Wednesday, April 20, 2011
New York, April 2011 - Day Six, "The Book of Mormon"
When “The Last Temptation of Christ” was released, many mainstream churches were in an uproar over a scene near the end of the film that depicts Christ living a life as husband to Mary Magdalene and father to their children. Blasphemy to even suggest that the Lord God was getting a little! That He could have a human side. There were protests outside theaters and the movie studio; people carried signs and promoted boycotts.
To my mind, Christian churches were missing a huge opportunity. Because when I watched the film, it nearly converted me. That scene of Jesus as a family man was the last temptation of the title. Satan’s final ploy to get Christ to give up all this “redeeming mankind” bullshit was to show him the happiness of an ordinary life: someone who loves you. Children to carry part of you on into the future. It could all be yours, Satan says. But Jesus lets himself be crucified anyway. For us! To give miserable losers like we humans a shot at eternal life. That’s the sort of guy people could accept as their personal savior.
There hasn’t been much protest over the massively profane “The Book of Mormon,” currently playing at the Eugene O’Neill Theater (the LDS Church released a one-sentence statement*, then wisely refrained from contributing to the publicity machine), but I can’t imagine it’s going to be on the itinerary for any church field trips, Mormon or otherwise.
Which is a shame. Not just because “The Book of Mormon” is the funniest thing on Broadway in a long, long time, maybe ever, but because it’s also maybe the most faith-promoting thing on Broadway ever. Or at least since the cancellation of “Spider-Man: Turn Off the Dark.”
Don’t get me wrong – it’s also the most blasphemous thing I’ve ever seen in my life, and I’ve been witness to some serious blasphemy. It’s profane, but not in the near-constant manner of David Mamet or “Deadwood." But when it is profane, it’s so over the top that it makes profane look like amateurfane. And as far as pushing the limits of taste and probity, I have seven words for you: Hitler. Gets. A. Blow. Job. In. Hell.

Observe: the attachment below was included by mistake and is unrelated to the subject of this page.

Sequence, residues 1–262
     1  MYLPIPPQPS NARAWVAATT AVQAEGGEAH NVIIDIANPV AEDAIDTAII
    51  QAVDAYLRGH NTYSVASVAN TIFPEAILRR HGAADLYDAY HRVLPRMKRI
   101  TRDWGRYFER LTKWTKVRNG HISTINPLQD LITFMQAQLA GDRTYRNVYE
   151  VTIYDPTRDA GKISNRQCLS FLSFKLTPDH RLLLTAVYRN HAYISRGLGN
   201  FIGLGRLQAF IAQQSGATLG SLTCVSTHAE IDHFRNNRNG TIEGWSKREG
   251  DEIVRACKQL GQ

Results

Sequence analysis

And though it skewers Mormonism (with the sharpest kebab on the block) its underlying message is this: it doesn’t matter if it’s made up. Faith – even in a fiction – has value if it brings people together in a community and helps them be nicer to each other. As one of the songs says, “a Mormon just believes.” So does every pious Catholic, Lutheran, Muslim, Buddhist, Jain…and ultimately even every physicist. We all must, because nothing adequately explains why we’re here. And why we have the capacity to ask that question in the first place. Sure, it would be easier if there were some physical evidence of a supreme being, but as one of the characters says, the requirement for faith is “sort of what God was going for.”
But if you’re not in the mood for a faith-promoting musical, feel free to enjoy “The Book of Mormon” for any (or all) of its other compelling aspects. I think I’ve already mentioned that it’s funny. Silly funny, smart funny, gross funny…funny funny. The songs are bouncy and engaging, the cast is terrific…it works on all levels.
It just won’t work for all people. If you can’t see past the profanity and blasphemy to the soft, creamy center, if you’d rather be offended than entertained, try one of Broadway’s other options. “Anything Goes” for example. It’s also an A+ production, has better songs, and pretty much zero chance of offending.
*"The production may attempt to entertain audiences for an evening, but the Book of Mormon as a volume of scripture will change people's lives forever by bringing them closer to Christ."